Ask Madelyn: Choosing a Reed for Even Sleying (Or Close)

Ask Madelyn

Hi Madelyn!

I’m buying a 40”-wide loom. It comes with an 8-dent reed, but I’m already planning on choosing a reed with more dents per inch than 8. I can only buy one new reed at the moment, so I’m trying to decide between a 10-dent and 12-dent. I know that I plan on weaving with 8/2 cotton for baby wraps and bath towels, if that helps. Which size reed should I get first?

–Ariana

Hi Ariana!

It is always wonderful to welcome a new loom!

For 8/2 cotton, the most frequently used weave structure is plain weave, which for 8/2 cotton is usually 20 ends per inch. That sett works well for lace weaves and other spot weaves, as well as any weave structure with a plain-weave base. In choosing a reed to try next, a 10-dent reed should therefore be your first choice (sleying 2/dent).

For twills, however, you will probably want a slightly closer sett. One option is to sley your 10 dent reed 2-2-2-3, which would give you an overall sett of 22-1/2 ends per inch. The only issue with that arrangement is that the cloth might show a slight line where the three threads are a bit more crowded together than the others (this would occur about every half inch). 8-shaft twills may have longer floats and therefore require an even closer sett (you could try 2-2-3, for an overall sett of a little more than 26 ends per inch). To get a sett of 24 ends per inch the easy way and one that would distribute the threads evenly, you can sley your 8-dent reed 3/dent or opt for a 12-dent reed when you are ready to splurge for another reed.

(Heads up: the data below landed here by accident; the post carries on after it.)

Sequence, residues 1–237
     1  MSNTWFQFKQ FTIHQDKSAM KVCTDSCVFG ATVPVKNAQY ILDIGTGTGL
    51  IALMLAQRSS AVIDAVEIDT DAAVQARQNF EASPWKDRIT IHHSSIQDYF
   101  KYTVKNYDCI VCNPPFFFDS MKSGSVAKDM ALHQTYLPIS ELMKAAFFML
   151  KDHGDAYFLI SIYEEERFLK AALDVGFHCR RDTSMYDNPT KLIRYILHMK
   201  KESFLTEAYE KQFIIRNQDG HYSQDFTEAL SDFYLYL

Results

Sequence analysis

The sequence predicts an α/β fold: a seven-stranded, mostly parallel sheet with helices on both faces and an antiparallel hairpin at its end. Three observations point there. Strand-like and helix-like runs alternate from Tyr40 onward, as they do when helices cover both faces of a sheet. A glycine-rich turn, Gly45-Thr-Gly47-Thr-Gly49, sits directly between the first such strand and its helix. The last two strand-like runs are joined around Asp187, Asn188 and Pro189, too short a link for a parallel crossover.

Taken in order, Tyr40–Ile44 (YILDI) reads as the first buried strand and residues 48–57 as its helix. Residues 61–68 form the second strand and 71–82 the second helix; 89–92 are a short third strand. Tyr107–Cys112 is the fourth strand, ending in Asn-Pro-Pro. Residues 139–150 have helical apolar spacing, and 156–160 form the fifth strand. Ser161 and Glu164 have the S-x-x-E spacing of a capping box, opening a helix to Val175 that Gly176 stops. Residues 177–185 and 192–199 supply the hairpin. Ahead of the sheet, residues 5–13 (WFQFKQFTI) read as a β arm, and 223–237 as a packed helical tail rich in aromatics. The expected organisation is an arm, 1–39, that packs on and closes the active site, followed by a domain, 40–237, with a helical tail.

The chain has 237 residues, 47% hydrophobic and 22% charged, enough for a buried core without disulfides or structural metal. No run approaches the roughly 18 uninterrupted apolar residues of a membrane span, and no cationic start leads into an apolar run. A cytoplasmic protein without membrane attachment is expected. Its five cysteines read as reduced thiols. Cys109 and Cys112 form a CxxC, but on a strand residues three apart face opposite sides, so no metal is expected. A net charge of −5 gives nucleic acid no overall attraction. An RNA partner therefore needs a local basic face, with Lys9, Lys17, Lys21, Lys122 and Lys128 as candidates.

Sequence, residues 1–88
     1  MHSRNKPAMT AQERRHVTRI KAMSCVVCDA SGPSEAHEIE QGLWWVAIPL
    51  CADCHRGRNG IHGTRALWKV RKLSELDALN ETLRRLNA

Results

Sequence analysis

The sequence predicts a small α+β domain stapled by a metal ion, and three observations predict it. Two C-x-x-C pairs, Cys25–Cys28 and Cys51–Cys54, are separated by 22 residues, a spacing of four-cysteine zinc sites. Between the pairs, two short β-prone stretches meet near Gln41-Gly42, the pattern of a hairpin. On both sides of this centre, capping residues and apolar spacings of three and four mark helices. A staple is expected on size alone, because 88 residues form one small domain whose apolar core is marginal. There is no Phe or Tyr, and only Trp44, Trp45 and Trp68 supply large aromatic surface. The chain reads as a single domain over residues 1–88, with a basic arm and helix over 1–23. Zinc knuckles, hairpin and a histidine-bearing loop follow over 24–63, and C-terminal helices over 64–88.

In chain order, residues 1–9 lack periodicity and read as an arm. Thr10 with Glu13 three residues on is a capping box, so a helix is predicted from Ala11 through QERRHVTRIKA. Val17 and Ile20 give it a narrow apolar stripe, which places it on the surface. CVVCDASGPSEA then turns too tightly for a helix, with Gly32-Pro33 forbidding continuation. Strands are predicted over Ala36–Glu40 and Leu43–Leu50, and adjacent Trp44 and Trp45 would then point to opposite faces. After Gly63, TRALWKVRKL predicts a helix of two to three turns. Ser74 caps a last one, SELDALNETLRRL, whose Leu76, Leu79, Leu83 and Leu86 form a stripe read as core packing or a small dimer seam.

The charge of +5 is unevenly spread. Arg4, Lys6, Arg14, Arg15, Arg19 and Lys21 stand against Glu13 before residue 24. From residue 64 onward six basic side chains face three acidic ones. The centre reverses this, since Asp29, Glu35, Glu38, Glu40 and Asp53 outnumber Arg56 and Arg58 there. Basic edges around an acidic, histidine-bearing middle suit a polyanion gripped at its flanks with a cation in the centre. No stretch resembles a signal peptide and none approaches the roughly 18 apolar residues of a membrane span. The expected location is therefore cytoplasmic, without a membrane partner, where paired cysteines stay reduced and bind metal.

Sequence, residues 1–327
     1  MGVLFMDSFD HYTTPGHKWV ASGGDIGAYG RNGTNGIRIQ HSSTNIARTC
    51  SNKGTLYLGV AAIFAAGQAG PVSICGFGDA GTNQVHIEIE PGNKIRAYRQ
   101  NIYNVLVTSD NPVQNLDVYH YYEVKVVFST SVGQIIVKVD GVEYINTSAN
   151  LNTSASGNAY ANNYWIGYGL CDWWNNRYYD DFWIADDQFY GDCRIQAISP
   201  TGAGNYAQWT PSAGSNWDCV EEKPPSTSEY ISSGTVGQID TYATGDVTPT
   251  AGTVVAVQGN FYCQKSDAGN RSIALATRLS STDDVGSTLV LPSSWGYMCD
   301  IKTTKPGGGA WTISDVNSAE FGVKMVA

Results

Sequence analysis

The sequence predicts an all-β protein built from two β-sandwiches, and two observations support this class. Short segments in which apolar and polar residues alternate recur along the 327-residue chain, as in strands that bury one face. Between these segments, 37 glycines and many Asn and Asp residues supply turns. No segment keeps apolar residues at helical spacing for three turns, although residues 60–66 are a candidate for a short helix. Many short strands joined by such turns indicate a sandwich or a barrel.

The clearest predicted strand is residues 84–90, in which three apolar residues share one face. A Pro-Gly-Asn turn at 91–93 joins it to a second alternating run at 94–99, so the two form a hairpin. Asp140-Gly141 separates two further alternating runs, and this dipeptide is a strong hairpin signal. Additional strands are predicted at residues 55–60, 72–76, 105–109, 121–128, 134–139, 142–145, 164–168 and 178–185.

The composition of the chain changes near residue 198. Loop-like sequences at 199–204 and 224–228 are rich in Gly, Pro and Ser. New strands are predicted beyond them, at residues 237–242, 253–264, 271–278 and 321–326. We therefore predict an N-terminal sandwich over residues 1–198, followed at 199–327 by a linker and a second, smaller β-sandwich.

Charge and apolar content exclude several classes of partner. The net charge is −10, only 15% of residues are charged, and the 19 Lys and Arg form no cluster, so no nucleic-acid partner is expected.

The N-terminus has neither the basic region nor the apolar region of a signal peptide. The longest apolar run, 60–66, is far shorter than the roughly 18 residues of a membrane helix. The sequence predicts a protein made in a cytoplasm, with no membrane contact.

An even sleying order is always a first choice, but you can get a remarkable number of sleying orders successfully out whatever reed you have. (The drawback of any irregular sleying order is always the possibility that the washing will not eliminate the warp-wise stripes of threads that are slightly closer together, especially with non-slippery threads like 8/2 cotton. These stripes, however, are not always a negative.) For a chart that shows all the ways to sley every type of reed to get just about every number of ends per inch, see the Reed Chart on page 15 of The Weaver’s Companion.

Remember also that you can use reeds from other looms with your new loom.

–Madelyn

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